John Osmond listens to Rhodri Morgan musing about what makes us Welsh
Rhodri Morgan demonstrated today why it is too early to erect a statue in his honour, a bizarre notion being promoted by Paul O’Shea, Unison’s Wales Secretary. Appearing on Andrew Marr’s Start the Week Radio 4 programme the former First Minister gave us a whistle stop tour of why Wales needed devolution, while the Scots wanted it, and why we are the ‘quiet Celts’ of the British Isles.
He was being quizzed on what constitutes Welsh identity and whether it stretches to anything more than a few blokes dressed up as druids at the National Eisteddfod (dubbed by retiring Pontypridd MP Kim Howells as “medieval brain surgeons”) speaking a funny language.
Rhodri responded by saying he was endlessly fascinated by Wales because it was so fractured and complex. He instanced an e-mail poll of some years ago on who was the most famous Welshmen of all time, which ended up as a contest between Owain Glyndŵr and Aneurin Bevan. People were immensely proud of Owain Glyndŵr whose rebellion between 1400 and 1410 had been the most important ten years in Welsh history before the first decade of the 21st Century which witnessed the birth of the National Assembly.
On the other hand Aneurin Bevan just pipped him to the post because he represented the impulses of 19th Century industrial Wales which inspired modern Welsh democracy, socialism and the National Health Service. However, there was a link between the two, and that was Bevan’s first name ‘Aneurin’. Bevan was so named in honour of Aneirin. A poet in Urien’s court, Aneirin was present at the battle of Cattraith, ca. 600 AD in Catterick, Yorkshire, on which he wrote his epic poem Y Gododdin, about the defeat of the Britons against the Saxons. It doesn’t get more complex than that.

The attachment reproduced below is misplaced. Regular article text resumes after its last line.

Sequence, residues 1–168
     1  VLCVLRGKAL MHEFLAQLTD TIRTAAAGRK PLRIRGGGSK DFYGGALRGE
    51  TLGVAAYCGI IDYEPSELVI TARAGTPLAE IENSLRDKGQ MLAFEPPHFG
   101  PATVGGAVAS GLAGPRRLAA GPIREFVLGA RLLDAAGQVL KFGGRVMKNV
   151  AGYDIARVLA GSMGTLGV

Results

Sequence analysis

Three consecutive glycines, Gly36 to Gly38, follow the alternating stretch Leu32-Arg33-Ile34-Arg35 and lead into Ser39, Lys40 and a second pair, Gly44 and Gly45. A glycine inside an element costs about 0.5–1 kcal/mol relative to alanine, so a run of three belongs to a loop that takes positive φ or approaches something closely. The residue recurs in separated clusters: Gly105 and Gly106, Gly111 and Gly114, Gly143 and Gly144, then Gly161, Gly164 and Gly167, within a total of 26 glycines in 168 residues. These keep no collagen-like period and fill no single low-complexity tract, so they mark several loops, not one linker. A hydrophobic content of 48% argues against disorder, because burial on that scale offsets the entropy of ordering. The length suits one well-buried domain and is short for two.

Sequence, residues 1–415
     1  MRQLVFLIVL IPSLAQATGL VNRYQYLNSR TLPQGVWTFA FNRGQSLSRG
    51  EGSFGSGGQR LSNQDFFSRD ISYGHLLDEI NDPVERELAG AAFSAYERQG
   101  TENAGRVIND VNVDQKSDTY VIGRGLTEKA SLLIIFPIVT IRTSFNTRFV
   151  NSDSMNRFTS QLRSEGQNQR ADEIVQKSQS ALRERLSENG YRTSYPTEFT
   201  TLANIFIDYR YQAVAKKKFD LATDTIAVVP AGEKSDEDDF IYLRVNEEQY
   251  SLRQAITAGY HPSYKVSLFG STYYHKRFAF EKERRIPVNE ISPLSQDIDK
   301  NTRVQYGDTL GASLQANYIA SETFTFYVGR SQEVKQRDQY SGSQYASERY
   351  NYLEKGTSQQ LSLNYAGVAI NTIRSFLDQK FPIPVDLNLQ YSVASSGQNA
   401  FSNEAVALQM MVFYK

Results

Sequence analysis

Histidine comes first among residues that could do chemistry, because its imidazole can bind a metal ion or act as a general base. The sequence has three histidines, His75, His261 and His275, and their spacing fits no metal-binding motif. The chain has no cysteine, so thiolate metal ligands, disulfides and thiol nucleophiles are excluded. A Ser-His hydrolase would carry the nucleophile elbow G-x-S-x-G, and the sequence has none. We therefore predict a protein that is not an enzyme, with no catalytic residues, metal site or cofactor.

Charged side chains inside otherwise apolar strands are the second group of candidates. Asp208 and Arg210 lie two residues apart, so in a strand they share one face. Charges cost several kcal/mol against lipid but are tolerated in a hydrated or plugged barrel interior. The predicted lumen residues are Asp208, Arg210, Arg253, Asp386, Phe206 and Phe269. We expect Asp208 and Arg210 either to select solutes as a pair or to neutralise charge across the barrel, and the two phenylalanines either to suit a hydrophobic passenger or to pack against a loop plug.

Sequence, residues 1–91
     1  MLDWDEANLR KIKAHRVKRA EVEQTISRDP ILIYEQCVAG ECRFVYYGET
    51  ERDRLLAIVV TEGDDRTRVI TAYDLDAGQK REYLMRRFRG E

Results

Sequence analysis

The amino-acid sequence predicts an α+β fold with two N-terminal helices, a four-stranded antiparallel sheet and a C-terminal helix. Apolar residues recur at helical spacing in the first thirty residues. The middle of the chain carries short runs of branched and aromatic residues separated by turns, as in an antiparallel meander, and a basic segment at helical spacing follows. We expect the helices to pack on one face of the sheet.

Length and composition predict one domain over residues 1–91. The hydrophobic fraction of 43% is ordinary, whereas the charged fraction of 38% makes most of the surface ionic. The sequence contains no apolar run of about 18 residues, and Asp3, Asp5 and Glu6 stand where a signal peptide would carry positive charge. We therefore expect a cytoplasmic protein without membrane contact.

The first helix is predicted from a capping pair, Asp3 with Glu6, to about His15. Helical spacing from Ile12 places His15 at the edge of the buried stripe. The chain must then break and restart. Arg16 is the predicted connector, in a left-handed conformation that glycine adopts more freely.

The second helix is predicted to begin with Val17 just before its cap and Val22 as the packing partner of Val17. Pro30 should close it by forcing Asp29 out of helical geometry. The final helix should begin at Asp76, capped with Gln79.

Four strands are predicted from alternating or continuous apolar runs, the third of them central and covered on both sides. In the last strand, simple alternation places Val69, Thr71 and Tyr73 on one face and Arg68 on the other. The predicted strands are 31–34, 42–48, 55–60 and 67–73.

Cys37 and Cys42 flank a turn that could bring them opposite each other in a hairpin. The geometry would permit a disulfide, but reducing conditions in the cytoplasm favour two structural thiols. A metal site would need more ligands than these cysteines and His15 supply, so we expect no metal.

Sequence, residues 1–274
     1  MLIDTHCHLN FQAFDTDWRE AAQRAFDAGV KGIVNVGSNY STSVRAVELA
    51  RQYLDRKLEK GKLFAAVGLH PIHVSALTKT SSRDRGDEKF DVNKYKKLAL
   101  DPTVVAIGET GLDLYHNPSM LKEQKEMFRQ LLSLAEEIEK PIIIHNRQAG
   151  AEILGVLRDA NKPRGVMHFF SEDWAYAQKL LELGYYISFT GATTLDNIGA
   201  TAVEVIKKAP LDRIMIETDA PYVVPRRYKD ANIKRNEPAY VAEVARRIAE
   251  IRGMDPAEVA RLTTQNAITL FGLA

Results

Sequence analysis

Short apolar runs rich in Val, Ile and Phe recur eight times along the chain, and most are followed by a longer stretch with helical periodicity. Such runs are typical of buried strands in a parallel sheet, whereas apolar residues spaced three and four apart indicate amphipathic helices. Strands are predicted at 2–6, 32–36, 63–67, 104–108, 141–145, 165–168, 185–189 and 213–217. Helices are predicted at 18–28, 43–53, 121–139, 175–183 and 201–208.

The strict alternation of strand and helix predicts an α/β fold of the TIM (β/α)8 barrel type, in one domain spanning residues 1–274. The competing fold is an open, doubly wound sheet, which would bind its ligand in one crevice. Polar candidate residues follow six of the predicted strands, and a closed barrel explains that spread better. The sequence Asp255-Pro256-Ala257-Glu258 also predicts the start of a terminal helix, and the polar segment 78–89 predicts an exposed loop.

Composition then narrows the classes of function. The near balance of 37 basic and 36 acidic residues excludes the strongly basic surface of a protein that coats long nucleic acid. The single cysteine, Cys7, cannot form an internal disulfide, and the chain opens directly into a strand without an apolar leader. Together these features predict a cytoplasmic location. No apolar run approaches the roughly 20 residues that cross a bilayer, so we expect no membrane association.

And the quiet Celts? Rhodri illustrated this by recalling a time in the 1970s devolution debates when the Scottish MP Tam Dalyell had said that a Scottish Parliament would mean James Naughtie having to be repatriated from the Radio 4 Today programme. Rhodri had tapped him on the shoulder and added that may be it would also result in the programme’s other presenter John Humphreys being returned to Wales. Tam Dalyell looked nonplussed. He had no idea that Humphreys was Welsh.
The Welsh had “needed” devolution, said Rhodri to give them the confidence and self-belief to make their own decisions. Major arguments against the Assembly had been that it would simply result in scandals and ‘jobs for the boys’ with public appointments going to Labour Party hacks. None 0f this had happened, which he said was perhaps the greatest achievement of Welsh devolution so far.
So, a statue can wait, even a bronze one, as suggested in today’s Western Mail by Llantwit Major sculptor Roger Andrews. There’s life after Rhodri, which is simply more of the same.
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